Diane Allen says
The holidays have come and gone and spring is on its way. I was compelled to visit this site…I am turned inside out…I am the only one who can hear me, feel my pain, wipe the ever-flowing tears away. Kevin will forever be 29. He spent most of his life with me. Kevin was lucky enough to experience many, many things during his precious life. I was so proud of him when he graduated from Navy Basic Training and his advanced training…oh, so proud! He has three sisters who are each dealing with their brother’s loss in their own way. I hope they can feel some peace in their hearts. I don’t know if that time will every come for me. Love forever Kev!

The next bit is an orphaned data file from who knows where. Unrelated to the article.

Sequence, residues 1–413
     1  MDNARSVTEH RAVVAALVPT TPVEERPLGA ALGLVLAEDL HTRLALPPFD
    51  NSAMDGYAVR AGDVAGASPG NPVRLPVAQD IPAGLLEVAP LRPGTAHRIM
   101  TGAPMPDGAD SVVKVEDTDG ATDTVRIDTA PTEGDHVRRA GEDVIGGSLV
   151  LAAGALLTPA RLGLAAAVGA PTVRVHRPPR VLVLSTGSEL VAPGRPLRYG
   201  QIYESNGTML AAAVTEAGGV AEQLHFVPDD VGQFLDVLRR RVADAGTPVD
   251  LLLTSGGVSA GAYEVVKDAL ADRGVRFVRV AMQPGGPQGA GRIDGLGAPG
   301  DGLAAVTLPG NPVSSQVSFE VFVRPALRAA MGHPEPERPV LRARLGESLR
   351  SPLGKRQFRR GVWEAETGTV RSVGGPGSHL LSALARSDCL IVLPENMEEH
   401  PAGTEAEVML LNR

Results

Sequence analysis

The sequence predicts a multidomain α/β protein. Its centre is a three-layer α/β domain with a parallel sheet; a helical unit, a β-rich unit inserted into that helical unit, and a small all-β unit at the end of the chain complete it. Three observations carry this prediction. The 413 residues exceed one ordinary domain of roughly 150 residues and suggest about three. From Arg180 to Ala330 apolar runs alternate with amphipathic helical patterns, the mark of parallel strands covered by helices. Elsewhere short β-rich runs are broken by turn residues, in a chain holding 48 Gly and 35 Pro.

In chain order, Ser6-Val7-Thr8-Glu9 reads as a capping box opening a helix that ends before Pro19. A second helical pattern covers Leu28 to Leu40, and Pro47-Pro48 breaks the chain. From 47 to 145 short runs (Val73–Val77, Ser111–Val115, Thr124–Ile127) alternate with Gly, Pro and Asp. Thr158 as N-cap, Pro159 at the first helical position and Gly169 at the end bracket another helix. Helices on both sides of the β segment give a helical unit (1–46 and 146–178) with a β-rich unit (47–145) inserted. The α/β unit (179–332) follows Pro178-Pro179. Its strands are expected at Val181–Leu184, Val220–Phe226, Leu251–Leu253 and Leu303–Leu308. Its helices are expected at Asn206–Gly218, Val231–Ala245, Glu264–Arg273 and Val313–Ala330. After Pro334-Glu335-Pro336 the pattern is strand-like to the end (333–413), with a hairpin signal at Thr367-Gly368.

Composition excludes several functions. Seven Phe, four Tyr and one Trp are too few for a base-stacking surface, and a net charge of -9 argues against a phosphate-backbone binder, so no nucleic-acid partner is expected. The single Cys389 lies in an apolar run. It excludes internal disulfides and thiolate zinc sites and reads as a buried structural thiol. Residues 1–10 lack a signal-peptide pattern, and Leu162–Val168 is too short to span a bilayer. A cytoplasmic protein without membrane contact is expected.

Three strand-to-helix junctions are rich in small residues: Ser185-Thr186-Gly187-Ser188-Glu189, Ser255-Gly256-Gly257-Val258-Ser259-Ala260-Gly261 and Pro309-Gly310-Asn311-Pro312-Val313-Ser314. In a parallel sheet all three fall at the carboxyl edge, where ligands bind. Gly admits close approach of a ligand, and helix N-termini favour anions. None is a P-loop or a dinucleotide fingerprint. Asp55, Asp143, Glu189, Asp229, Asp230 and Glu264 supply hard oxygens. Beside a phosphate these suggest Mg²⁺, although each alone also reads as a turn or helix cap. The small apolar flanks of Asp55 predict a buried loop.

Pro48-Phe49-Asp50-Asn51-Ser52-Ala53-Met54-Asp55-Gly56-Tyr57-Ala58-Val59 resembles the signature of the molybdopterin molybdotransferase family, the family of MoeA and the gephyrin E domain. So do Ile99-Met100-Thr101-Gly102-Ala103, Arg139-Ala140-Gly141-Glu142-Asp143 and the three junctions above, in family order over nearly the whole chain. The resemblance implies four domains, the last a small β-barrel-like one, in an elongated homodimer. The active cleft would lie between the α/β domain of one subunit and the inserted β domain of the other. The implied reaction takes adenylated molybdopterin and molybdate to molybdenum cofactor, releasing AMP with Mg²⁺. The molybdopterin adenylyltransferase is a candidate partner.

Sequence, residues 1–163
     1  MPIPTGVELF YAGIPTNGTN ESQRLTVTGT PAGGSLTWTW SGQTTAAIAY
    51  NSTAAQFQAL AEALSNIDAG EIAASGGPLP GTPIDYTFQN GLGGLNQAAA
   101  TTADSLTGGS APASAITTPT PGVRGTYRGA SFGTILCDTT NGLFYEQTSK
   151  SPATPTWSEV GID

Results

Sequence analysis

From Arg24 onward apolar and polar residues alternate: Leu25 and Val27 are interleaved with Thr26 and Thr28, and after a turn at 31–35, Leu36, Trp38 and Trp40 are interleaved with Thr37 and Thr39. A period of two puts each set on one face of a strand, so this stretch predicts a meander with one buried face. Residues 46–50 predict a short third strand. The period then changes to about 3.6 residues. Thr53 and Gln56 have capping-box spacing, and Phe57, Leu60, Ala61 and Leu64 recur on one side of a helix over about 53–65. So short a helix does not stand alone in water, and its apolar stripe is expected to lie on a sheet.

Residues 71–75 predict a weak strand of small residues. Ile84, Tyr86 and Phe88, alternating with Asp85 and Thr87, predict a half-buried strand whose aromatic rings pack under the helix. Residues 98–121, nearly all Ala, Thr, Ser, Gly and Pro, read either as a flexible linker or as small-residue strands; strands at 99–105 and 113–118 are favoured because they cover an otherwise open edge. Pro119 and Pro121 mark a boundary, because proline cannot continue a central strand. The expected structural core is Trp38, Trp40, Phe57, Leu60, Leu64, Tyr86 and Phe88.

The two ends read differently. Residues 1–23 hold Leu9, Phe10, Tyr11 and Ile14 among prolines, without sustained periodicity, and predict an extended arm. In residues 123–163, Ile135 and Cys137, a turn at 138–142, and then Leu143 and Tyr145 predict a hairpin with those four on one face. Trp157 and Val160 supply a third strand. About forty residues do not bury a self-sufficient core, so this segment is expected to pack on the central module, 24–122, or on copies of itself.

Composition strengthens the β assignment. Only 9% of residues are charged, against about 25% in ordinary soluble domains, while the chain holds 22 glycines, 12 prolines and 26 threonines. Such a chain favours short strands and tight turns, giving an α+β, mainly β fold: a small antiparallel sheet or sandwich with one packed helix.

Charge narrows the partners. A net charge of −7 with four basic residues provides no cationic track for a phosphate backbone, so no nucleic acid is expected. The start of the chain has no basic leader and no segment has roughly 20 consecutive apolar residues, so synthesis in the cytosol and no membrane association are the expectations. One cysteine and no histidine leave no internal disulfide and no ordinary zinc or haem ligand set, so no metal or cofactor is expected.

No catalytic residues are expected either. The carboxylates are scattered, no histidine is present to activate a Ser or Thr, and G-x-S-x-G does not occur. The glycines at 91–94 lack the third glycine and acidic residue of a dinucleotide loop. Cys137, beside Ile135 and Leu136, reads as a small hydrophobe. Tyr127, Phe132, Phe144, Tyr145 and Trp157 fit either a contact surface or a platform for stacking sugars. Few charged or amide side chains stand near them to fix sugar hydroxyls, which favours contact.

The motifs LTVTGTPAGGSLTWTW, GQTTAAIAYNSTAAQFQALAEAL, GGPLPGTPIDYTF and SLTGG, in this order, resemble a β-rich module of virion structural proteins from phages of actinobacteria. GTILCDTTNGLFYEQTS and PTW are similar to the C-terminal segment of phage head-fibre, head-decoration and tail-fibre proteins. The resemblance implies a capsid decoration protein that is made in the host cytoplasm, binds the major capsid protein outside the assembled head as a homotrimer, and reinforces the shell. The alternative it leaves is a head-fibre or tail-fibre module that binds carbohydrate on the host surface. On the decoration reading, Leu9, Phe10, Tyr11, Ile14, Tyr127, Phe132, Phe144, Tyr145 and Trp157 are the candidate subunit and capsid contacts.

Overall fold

Terrie Webb says
The pain I feel is no where as ad as my daughter and son-in-law’s, but as the grandmother, I so want to make them better and I can not. Only they can but I’ll be there for them when ever they need me! Thank you for these words. I too will be sure to let them be whatever they need to be now.
We are in the same boat. Our 2 year old Granddaughter passed away 10 months ago today. She was the sunshine of our lives, being our one and only girl and the baby of the family, amongst our 5 Grandsons. This has been the most difficult thing any of us have ever experienced. My daughter and her husband and sons are totally devastated (as we all are) and I don’t know what to do to help them!
God help u Nikki ,xxx
Or pray to not wake in the morning and when you do , wear your mask, get through the day, knowing that even God doesn’t want you